This letter from Richard W. Boone invites recipients to attend a workshop for the Citizens Crusade Against Poverty.
In this letter, Mr. Hamman lectures Dr. King on the concept of heaven and hell, asserting that there is no race, nationality, etc., before God.
The senior class of Haut Gap School in John's Island, South Carolina invites Dr. King to deliver its baccalaureate sermon.
M. Steven Lubet is requesting the presence of Mr. and Mrs. King at the Vietnam teach-in. The teach-in is being sponsored by the Northwestern chapter of Students for a Democratic Society and its purpose is to increase people's understanding of the events occuring in Vietnam.
Dr. King writes Johann Goelz expressing his appreciation for the kind remarks shared in a previous correspondence. King hopes that the current work in Birmingham will yield a success that sets the tone for better race relations in the South.
In his regular column of the New York Amsterdam News, Dr. King discusses the rate of unemployment among Negroes. He states that 2/3 of all Negro families live in poverty. Dr. King argues that the administration needs to carry out the mandate of the Unemployment Act of 1945 and stimulate employment.
Melvin Brisk, President of Quadrangle Books, requests that Dr. King read Clarence Darrow's book "Verdicts Out of Court." Brisk acknowledges Dr. King's limited time schedule and urges him to pursue a meeting with Darrow to discuss his publication.
Chauncey Eskridge, Dr. King's legal counsel, sent this message requesting the signatures of Dr. King's parents on a legal document. The latter part of the message asks for Rev. King, Sr. to trust the expertise of Attorney Eskridge.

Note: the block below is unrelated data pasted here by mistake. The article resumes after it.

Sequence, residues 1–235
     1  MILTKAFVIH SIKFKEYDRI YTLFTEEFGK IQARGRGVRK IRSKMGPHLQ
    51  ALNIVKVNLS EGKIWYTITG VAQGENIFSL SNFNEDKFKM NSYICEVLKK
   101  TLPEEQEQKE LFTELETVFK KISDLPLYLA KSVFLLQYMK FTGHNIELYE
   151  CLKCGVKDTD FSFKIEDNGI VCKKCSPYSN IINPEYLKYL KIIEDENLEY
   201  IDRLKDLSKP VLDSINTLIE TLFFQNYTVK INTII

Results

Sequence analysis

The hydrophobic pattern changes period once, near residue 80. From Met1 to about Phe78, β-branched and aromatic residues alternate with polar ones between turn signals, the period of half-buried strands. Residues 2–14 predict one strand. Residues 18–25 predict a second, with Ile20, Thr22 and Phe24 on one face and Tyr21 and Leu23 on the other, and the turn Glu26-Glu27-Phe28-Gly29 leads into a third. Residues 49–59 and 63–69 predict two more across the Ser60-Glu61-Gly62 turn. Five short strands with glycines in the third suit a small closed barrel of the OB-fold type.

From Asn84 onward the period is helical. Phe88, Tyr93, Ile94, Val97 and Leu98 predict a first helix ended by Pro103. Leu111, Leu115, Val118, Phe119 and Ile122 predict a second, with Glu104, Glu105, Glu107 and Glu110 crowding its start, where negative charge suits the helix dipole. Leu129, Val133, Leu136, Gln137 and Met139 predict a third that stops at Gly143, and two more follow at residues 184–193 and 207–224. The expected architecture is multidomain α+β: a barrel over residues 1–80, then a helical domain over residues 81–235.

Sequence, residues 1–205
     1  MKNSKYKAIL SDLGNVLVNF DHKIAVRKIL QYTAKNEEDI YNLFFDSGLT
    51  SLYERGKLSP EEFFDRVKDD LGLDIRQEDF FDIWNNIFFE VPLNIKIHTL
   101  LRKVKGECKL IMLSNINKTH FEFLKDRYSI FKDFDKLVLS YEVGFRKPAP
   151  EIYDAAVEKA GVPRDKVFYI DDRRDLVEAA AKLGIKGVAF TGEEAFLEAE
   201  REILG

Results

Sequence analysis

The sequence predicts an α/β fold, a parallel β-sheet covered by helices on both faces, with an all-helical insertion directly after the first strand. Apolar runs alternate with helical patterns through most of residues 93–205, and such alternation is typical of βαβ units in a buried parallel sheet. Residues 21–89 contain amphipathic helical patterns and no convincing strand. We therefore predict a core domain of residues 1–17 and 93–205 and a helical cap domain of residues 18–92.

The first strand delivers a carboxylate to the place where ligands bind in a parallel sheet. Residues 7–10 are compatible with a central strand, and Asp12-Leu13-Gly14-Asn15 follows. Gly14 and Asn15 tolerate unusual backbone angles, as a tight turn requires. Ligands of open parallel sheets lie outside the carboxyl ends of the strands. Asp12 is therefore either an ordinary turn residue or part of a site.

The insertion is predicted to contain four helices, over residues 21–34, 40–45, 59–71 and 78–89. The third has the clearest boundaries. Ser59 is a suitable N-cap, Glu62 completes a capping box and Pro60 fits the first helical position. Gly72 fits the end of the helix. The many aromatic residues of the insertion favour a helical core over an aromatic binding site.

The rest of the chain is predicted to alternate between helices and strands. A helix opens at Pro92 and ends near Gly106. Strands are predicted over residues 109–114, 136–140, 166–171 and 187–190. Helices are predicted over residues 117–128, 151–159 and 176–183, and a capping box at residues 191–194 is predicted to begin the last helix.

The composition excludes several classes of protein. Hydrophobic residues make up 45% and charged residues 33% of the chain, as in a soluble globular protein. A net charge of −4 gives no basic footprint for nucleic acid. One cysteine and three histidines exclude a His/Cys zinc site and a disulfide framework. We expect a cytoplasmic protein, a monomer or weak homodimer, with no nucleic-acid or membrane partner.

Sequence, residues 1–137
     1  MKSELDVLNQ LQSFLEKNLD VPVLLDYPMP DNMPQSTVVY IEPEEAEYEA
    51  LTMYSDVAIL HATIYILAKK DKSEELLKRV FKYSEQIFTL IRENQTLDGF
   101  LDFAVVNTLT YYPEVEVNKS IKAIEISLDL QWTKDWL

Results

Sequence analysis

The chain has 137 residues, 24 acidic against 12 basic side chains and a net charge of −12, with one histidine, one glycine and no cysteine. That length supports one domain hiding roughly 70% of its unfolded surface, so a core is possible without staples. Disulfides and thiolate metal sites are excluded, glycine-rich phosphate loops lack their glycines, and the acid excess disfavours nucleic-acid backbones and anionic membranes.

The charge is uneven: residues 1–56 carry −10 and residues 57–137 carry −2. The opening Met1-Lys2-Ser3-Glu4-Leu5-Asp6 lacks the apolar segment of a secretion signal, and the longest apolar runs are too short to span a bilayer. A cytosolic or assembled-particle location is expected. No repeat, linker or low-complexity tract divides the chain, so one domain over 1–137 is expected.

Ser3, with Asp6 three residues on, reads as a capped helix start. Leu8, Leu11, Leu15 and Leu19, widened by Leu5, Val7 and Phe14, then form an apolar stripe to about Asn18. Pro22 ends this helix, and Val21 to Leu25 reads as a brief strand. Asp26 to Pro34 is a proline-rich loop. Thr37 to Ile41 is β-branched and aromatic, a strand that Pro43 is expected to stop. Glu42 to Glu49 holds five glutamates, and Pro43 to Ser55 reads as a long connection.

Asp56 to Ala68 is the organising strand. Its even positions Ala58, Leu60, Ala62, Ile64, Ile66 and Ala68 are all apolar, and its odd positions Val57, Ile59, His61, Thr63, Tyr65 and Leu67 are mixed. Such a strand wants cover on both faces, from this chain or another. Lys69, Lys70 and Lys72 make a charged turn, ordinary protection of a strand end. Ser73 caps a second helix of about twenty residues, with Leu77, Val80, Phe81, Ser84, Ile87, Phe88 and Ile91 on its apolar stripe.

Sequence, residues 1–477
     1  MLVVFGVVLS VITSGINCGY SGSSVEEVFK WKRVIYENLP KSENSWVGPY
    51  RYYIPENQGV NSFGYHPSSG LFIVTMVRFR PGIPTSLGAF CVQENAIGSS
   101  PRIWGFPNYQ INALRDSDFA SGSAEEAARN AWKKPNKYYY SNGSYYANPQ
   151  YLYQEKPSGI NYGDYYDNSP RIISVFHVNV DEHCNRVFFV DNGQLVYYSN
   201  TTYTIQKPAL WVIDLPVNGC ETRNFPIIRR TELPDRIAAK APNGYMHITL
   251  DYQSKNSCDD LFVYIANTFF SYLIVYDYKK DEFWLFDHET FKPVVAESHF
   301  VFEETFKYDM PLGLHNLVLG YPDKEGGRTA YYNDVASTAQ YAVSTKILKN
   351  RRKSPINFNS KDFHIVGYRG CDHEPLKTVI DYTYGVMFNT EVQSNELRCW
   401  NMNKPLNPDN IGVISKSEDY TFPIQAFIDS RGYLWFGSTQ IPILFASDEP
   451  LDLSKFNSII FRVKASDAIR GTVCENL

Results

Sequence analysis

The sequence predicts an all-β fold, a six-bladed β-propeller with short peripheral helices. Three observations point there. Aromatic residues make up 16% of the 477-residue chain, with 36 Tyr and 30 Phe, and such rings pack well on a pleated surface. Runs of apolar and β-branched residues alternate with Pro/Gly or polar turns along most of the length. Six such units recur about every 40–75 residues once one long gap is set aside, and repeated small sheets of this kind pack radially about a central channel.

In a letter to the editor of the Detroit Free Press, Benjamin Smith criticizes US involvement in Vietnam. He advocates ending the war as 80% of South Vietnamese people want peace, while 67% of Americans "favor a rough war."
Era Canon notifies Dr. King that her friend Doris Greene, whom recently passed, was very intrigued by his work. Mrs. Canon wants to contribute to Dr. King's organization with some of the finances Mrs. Greene has obtained upon her passing.
Joan Daves responds to Mr. Gotlieb regarding a request to write Dr. King's biography from archival material in the possession of Boston University. At the present time and for various reasons, Dr. King has decided not to approve this project.
Dr. King sent this letter to Professor Nathan P. Feinsinger to recommend Miss Barbara Jean Williams for the Russell Bull Scholarship.
Edwin Tuller requests Dr. King show special attention to the invitation from the European Baptist Federation. Mr. Tuller is certain that Dr. King's presence in Europe at this time would be "extremely beneficial" with the progression of "racial brotherhood."
The Fariyah Agency acknowledges Mrs. King commitment to the movement via her commitment to Dr. King. Additionally, the author requests Mrs. King presence to attend the pageantry of the Peace Prize award.
This pamphlet is from Dr. King's undergraduate alma mater, Morehouse College. The President of the institute, Benjamin E. Mays, is the author of , "A Brief Summary of Fifteen Years at Morehouse" which outlines the progress made during his presidency.
This report highlights a Birmingham conference on the "Ways and Means to Integrate the Deep South" sponsored by the Southern Conference Educational Fund, Inc. This conference included several hundred white and black leaders who sought to integrate the South.